Many years ago there were places outside of the home where people could play video games. Instead of sitting on a couch and playing console games, they would stand in front of bulky machines and put coins in them to play. Because these were large meeting places with many games, players could join one another for cooperative or competitive play face-to-face, not over an Internet connection. These places were called arcades, and today they’re all but extinct.
If you were born before say, 1982 or so, a good deal of your gaming youth was probably spent in arcades. You’d also be familiar with not only the game cabinets, but also another dying form of entertainment: pinball. Pinball’s history goes back as far as the 1930’s with the first electronic game released in 1975, just as video gaming was blossoming. This brings us to pinball video games, which Flipnic is in essence. But to simply call it a pinball game is a mistake; Capcom takes the physics of pinball, throws the rules out the window, and ends up with a quirky budget title, though not one to please everybody.
Since just about everyone is familiar with pinball, Flipnic is easy to pop in and get started. Hit the ball with the flippers to hit other stuff, that’s all there is to it, right? Yes and no. Capcom gives this game some legs by including several tables that must be unlocked, and to unlock them, missions that are as complex as any real world pinball table must be completed.
In fact, calling each level a “table” is misleading. The virtual space of Flipnic is taken advantage of, with each level consisting of multiple areas connected by labyrinthine systems of rails and secret goals. This game does things that no real pinball machine could ever do, and not only at the table level. There are areas where pressing a button makes the ball jump to reach coins or shoot lasers to defeat a UFO. There’s a grid puzzle and a block-breaking level, like Super Breakout. This is a true merger of video game and pinball, and the result is unique if nothing else.
The handful of levels have names like Biology and Metallurgy, each with a different theme. Biology is set in a sweltering rainforest with animals everywhere, while Optics is a futuristic, neon-lit tech haven. The levels are individualistic, but the design and flow of the game has its ups and downs. The very first level may be the most interesting, with colorful, active scenery and a variety of missions. Later levels feel more traditional and the missions get repetitive, up until the last table. The interest and fun level forms a kind of inverse bell curve, and many players may find the mid-game boring enough to shut the thing off.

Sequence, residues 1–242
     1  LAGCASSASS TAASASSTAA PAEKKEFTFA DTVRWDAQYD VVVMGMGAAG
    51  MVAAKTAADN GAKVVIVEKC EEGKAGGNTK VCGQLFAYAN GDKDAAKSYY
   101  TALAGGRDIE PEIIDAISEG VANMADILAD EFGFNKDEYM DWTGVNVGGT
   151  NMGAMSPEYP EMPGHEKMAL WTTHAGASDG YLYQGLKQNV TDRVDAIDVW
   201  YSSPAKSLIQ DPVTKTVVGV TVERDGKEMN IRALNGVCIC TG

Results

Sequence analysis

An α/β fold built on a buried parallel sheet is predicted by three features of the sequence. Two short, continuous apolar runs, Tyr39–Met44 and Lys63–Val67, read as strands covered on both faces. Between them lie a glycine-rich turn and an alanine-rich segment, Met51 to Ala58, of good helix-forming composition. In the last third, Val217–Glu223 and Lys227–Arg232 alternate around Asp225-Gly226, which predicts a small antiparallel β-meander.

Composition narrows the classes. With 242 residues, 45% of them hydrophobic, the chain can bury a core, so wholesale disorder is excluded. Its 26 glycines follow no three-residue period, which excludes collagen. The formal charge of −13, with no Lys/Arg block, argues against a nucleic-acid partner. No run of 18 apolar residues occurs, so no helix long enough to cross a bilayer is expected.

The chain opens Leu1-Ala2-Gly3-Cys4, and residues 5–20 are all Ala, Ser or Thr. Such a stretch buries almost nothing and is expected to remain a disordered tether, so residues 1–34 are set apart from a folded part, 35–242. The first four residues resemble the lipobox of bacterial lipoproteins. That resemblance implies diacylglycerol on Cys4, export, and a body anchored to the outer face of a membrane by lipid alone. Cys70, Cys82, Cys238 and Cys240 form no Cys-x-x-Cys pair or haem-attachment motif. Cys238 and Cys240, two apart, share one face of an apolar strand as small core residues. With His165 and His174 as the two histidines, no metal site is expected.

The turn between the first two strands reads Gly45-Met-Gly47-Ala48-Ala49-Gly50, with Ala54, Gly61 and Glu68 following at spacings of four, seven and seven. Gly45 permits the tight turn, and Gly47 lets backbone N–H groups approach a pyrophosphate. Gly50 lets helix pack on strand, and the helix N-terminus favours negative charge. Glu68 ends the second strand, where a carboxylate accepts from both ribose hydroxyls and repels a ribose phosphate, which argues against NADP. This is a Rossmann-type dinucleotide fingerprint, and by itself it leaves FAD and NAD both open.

What may keep Flipnic alive for some gamers is the two-player mode. Each level has an associated two-player table, and some are cooperative while others are competitive. This is a welcome break from the usual multiplayer pinball action, where players take turns and compare scores. If you can manage to convince some friends to actually play a pinball game on the PS2, you might just find in Flipnic a really compelling party game.
Being a bargain game, you might be expecting production values similar to Michael Jackson’s career: dated. You’d be surprised to find that, unlike Jacko, Flipnic feels fresh and looks great. The visuals are bright and vibrant, each table having its own distinctive look. There’s always plenty of action on the screen, and it’s smooth with no hints of slowdown. The music could be better, but the bumper and target sounds are dead-on replicas of real pinball audio, and the sound effects for jackpots and mission objectives evoke authentic pinball table action.
Flipnic’s biggest problem is that it’ll leave you asking that’s it? There’s really not much to this game, so the fact that it’ll only set you back $20 is fortunate. It’s also very difficult. If you’re not familiar with modern pinball machines and the complicated missions and goals involved, you’ll be lost for a little while. It’s probably more accurate to call this a pinball puzzle game, as it includes many non-pinball challenges and some of the missions are tricky to figure out, let alone complete. The casual gamer may find themselves out of their depth with such a hardcore approach to the game, so it will probably be enjoyed most by true pinball lovers.
All in all, Flipnic is a remarkably polished bargain title with limited scope. Like a visit from a distant relative, it’s fun for a while but tends to overstay its welcome. The two-player mode is a gem and pinball aficionados will certainly dig it, but for the rest of us a rental is in order. Capcom stuck their neck out on this one and it narrowly missed an unfortunate demise, but this isn’t a must-have game. If you lament the downfall of the arcade and the scarcity of pinball games, you’ll find what you’re looking for and more in Flipnic.